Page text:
Cindy McCain has a Bad Headache

Senator John McCain’s wife, Cindy McCain, was on the Today show this morning to reveal that she has been suffering with migraine headaches for many years. She hopes that her coming forward will increase public awareness about the disease and to encourage research into the disease. McCain will be addressing the International Headache Congress this week in Philadelphia. “I’m one of the millions who suffer,” she told Today‘s Matt Lauer. “It’s time for us to shake things up a bit.”

What is a Migraine Headache?
A migraine headache is a severe headache, usually described as throbbing, or pulsing. It most commonly occurs on one side of the head, and is felt to be coming from behind the eye, temple or ear. It can last anywhere from four to seventy-two hours, and interferes with daily activity. It is frequently associated with nausea and vomiting, and sensitivity to light and sound. About one in five migraine sufferers have what has been called classic migraine (now called migraine with aura). These patients can tell that their headache is coming by experiencing an aura 10 to 30 minutes before the onset of the headache. An aura is an unusual sensory perception which can be visual, olfactory or non-visual. Visual auras are most common and are described as seeing wavy or zigzag lines or flashing lights. Non-visual auras include motor weakness, speech or language abnormalities, dizziness, vertigo, and tingling or numbness of the face, tongue, or extremities.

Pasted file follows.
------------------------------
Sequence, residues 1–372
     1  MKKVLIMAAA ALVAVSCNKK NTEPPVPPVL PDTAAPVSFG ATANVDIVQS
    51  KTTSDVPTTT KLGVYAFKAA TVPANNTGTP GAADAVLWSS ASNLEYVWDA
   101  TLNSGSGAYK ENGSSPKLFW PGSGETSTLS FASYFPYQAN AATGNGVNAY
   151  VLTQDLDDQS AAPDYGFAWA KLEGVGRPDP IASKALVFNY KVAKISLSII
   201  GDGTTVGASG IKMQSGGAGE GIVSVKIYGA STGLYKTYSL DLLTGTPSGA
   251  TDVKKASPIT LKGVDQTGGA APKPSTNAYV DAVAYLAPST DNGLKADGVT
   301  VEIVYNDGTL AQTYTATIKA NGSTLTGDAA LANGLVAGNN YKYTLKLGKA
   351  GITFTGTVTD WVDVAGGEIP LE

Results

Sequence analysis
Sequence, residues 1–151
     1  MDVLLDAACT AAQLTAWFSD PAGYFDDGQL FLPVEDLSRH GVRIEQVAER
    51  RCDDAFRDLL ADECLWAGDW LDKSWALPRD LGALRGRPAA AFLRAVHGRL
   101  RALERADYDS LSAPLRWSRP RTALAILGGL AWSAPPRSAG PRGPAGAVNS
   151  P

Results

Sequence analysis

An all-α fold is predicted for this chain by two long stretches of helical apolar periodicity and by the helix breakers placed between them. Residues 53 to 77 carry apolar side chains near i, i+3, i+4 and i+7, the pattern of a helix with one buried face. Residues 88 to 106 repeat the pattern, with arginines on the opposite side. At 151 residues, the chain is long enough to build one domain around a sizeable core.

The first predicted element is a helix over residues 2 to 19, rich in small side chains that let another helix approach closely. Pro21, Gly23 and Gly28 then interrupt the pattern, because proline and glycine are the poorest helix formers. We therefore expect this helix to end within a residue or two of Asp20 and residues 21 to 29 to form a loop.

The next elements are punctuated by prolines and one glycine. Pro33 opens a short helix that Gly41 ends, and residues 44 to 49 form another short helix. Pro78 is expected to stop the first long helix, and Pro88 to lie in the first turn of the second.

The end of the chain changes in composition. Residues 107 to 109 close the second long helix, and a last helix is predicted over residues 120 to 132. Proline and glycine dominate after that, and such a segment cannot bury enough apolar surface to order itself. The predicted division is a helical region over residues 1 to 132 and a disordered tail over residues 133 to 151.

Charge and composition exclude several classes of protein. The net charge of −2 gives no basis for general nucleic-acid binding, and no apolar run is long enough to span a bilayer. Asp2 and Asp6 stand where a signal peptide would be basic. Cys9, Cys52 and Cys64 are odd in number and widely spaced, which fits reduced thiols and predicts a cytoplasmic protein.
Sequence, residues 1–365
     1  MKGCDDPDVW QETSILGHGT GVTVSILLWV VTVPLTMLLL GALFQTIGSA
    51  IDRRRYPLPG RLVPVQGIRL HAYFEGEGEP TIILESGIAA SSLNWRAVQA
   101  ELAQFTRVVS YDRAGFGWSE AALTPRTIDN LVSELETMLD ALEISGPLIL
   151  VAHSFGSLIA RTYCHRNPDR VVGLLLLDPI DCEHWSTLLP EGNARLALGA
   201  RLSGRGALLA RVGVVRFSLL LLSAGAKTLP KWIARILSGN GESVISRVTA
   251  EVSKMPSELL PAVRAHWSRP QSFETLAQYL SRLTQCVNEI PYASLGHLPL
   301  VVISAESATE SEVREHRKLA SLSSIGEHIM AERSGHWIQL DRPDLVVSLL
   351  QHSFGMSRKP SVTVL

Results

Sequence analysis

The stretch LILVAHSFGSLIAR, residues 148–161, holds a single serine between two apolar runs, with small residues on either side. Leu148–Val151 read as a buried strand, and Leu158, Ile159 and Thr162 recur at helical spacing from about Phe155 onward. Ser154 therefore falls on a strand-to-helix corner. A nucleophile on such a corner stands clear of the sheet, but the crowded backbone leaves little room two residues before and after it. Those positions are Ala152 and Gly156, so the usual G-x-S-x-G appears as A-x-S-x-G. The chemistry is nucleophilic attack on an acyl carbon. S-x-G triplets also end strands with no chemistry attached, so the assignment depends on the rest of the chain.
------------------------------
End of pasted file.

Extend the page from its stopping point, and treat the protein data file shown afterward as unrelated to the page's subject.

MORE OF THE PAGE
Migraines affect 30 million people in the US, beginning at age 10 and decreasing after age 50.

It used to be thought that migraines were caused by dilation (opening) of blood vessels in the head, but more recent research shows that migraines may be related to genes that control the activity of some brain cells. Even though the cause be not be known, certain things have been found to trigger migraine headaches. These include stress, hormonal changes, certain foods (alcohol, caffeine, cheese, chocolate), sleep deprivation, and sensory stimuli such as bright lights or sun glare.

Treatment is either symptomatic- over the counter pain relievers or prescription medications such as Imitrex, designed to stop an migraine in progress, or preventive- avoidance of known triggers, and certain medications (beta blockers, antidepressives, anti-seizure medications) taken on a daily basis to prevent migraines from starting.

What is the difference between a migraine and a tension headache?

National Women’s Health Information Center)

For more information:

Migraine Headaches
Mark Boguski, M.D., Ph.D. is on the faculty of Harvard Medical School and is a member of the Society for Participatory Medicine, "a movement in which networked patients shift from being mere passengers to responsible drivers of their health" and in which professional health care providers encourage "empowered patients" and value them as full partners in managing their health and wellness.

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